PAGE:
For families with students in 4th grade or for those of you who will have future 4th graders, the National Parks Department offers a free pass for the year your child is in grade 4.
Hope you all have a chance to take advantage!
Managing intrusive or unwelcome thoughts is part of the human experience, but for some of us, those thoughts may be dominating the conversation in our head. As adults, we tend to understand that thoughts are not permanent and not even always accurate. Children have a more difficult time understanding that concept. If it is running through their brain, then it must be true.
If you have a child expressing negative thoughts, you can introduce the concept of Sunny Thoughts and Cloudy Thoughts. When you link something like weather, it makes the conversation much more approachable for your child and for you. Just like a storm can blow into town, so can a negative thought. Those storms also blow out of town. How can we help those cloudy thoughts move out of your brain? Can we think of a sunny thought to replace that cloudy one?
For older children, I often introduce the idea of an Inner Critic, instead of linking with the weather. Older children can understand that there are movie critics, food critics, etc… And critics can share positive or negative opinions. When discussing an inner critic, you can remind your child that it is important to give a balanced review. Your brain is not being fair if it only shares one opinion. What is the alternate review?
With the arrival of 2017, always comes a wave of resolutions, ideas and other plans for what to begin. Though I am not always one to jump on this bandwagon, I saw this post and thought it would be a nice tradition for a family to begin. So if you are looking for a new way to integrate more positive thinking and a way to take note of the smaller things in life, this might be worth a try! Happy New Year!!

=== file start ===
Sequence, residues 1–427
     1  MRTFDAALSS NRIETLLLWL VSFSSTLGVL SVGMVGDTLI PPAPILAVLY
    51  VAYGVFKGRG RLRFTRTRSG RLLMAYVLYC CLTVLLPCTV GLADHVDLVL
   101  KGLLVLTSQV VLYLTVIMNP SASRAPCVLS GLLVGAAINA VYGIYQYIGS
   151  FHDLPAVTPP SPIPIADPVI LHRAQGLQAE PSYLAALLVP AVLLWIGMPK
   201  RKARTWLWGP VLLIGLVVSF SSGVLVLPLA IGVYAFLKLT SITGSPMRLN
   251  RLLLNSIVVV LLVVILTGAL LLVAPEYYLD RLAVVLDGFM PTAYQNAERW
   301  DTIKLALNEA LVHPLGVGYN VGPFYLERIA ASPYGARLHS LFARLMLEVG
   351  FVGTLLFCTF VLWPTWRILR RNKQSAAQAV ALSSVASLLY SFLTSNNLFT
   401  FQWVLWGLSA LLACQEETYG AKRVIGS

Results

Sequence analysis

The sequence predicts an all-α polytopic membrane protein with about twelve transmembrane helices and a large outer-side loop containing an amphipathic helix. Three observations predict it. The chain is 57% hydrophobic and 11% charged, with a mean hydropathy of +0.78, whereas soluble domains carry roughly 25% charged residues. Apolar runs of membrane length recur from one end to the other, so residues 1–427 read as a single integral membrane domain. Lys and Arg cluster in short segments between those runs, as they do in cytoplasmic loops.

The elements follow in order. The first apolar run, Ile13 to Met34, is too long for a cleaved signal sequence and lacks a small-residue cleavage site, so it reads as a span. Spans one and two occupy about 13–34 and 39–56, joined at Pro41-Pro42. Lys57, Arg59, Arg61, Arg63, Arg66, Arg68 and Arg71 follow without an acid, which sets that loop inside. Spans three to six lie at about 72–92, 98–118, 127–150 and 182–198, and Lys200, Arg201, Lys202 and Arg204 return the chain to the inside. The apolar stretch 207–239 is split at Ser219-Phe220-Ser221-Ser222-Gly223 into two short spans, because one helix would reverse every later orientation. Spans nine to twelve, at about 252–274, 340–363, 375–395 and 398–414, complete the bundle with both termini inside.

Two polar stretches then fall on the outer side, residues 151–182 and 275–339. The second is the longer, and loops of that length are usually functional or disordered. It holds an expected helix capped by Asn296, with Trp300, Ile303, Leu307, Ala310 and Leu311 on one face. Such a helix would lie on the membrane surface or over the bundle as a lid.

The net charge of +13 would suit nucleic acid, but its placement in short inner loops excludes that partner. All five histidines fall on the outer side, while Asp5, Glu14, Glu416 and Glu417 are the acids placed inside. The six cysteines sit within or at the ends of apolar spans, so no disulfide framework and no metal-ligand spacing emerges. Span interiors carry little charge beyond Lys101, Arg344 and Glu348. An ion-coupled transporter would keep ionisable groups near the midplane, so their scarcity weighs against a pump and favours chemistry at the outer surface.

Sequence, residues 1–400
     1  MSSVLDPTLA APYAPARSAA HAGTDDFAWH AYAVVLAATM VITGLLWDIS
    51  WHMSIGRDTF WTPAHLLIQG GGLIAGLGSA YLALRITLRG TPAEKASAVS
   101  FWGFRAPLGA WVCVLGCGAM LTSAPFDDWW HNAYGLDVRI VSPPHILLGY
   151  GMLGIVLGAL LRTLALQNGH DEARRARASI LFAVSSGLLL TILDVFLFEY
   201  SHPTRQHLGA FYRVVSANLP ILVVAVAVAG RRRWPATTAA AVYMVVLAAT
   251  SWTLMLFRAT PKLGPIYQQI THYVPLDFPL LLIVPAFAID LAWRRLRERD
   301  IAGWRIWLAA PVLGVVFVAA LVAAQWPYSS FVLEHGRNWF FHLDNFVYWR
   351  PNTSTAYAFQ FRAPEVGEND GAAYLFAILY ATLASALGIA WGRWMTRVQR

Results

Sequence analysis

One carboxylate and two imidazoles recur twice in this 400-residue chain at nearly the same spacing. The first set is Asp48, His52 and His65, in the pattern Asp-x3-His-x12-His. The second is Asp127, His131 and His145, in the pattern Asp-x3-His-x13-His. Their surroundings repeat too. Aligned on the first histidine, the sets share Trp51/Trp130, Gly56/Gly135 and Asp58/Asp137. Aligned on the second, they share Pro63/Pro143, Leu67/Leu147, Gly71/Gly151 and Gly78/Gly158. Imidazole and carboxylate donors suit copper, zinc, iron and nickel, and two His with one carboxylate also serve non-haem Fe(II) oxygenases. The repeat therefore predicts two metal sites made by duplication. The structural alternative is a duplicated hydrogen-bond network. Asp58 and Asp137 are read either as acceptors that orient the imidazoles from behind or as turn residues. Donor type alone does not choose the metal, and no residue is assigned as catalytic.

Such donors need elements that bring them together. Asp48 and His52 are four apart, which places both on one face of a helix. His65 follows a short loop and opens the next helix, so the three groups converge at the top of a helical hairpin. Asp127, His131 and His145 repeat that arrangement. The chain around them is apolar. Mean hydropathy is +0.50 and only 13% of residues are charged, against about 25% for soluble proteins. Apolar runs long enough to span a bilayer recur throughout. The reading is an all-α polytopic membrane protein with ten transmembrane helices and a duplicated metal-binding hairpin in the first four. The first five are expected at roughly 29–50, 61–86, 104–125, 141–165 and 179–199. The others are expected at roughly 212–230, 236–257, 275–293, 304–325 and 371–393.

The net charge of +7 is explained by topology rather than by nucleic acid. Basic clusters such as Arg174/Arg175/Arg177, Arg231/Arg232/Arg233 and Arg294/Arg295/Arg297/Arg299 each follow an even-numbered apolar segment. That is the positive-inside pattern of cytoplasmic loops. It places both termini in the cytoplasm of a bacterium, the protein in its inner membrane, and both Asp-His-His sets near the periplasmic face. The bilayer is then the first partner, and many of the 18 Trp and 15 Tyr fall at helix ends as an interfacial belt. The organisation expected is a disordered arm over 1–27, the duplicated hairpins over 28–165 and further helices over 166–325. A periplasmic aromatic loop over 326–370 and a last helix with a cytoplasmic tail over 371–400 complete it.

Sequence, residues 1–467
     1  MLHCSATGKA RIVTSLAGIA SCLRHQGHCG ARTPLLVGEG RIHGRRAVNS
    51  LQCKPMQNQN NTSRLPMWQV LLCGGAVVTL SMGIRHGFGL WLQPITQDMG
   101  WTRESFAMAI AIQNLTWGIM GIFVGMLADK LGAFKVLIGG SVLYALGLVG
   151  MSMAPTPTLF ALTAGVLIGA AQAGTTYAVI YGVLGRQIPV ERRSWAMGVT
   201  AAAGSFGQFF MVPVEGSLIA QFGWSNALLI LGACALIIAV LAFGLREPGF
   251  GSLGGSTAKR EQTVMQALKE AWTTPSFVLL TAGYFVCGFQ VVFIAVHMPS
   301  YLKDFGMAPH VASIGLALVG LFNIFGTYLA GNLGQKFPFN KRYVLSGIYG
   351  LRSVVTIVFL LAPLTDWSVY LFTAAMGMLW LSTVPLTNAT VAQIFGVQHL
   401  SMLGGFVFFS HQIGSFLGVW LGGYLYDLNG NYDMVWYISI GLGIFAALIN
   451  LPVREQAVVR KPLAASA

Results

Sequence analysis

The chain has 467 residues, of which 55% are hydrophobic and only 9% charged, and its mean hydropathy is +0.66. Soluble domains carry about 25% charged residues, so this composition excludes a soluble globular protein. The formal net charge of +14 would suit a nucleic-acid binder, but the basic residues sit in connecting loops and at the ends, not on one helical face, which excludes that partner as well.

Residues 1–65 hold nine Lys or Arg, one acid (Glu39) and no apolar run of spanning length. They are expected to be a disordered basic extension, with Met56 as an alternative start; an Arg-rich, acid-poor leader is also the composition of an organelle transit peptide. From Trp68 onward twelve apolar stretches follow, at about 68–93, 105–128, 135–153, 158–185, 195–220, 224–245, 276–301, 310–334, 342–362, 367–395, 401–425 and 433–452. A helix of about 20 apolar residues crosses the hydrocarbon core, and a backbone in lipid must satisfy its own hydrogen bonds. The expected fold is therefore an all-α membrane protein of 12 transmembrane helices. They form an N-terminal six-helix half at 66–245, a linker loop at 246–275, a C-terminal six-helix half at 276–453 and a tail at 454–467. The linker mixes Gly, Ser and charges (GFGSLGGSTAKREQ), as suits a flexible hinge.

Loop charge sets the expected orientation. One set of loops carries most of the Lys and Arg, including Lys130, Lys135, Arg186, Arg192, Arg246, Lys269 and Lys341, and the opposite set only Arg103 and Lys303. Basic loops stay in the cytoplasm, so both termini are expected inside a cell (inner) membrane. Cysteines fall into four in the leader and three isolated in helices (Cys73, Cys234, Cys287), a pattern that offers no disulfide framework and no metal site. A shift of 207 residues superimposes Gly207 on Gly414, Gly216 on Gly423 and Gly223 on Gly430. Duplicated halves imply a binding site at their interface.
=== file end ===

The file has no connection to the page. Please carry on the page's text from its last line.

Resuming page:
For those who were unable to attend the, “Understanding and Helping My Child With Homework,” here are some of the takeaway points…
- Homework is intended to help children review and practice concepts learned that day
- Setting up good homework and study routines will turn this practice into habit
- Evaluate your routine…If it isn’t working, see what small changes you can make to get a different result
- Praise the small victories
- Read, Read, Read! If there is one area of the homework we would emphasize, it is the reading…
- Have your child read to you
- Co-read books (you read a page, they read a page)
- Read to your child (They are not too old to be read to!)
Let us know if something is not working for your family. We are happy to make adjustments and changes if they are needed!
The final parent workshop was to discuss “Cyber Safety”; How to help keep you and your children safe while using the Internet. Attached is a copy of the PowerPoint created. It focused on how to talk to your children about safely accessing and navigating educational websites for schoolwork, social media, and media/entertainment websites. A few important messages: 1) the internet is accessible by all, and therefore, it is absolutely okay for you to check what your child/children are looking at, while surfing the web 2)No matter how secure a site may seem, there are usually ways to work around those systems and your child/children will possibly be able to figure out how to make that happen 3)Talk with your child about their digital footprint and if they would be okay with their principal, teacher, doctor seeing their posts.
Starting around grade 3, as boys and girls begin to develop interests and notice similarities and differences between themselves and others, stronger friendships begin to grow. On the flip side, exclusivity and unkind statements begin to be thrown around as an attempt to understand the changing social dynamics.
A common problem is, “I want to play with aa, but I (cc) don’t like bb and bb is friends with aa. What should I do?” And, most often the solution they come up with is to be unkind to bb and exclude them from games and conversations.
It is important to remember, when helping your child in a situation like this, that if your child is bb or cc, both are feeling extremely vulnerable. They want to protect their friendship with aa, and feel liked and apart of the group. They need to be reminded that they can be friends with aa, and should also try to find things about bb or cc that they like so all can be feeling comfortable and liked as a group.
If your child is aa, encourage them to tell bb and cc they like spending time with them both and would like to find a way for all to play together. And, if possible, encourage them to find dd!
Attached is a nice article from a parent’s perspective when she realized her daughter was excluding another.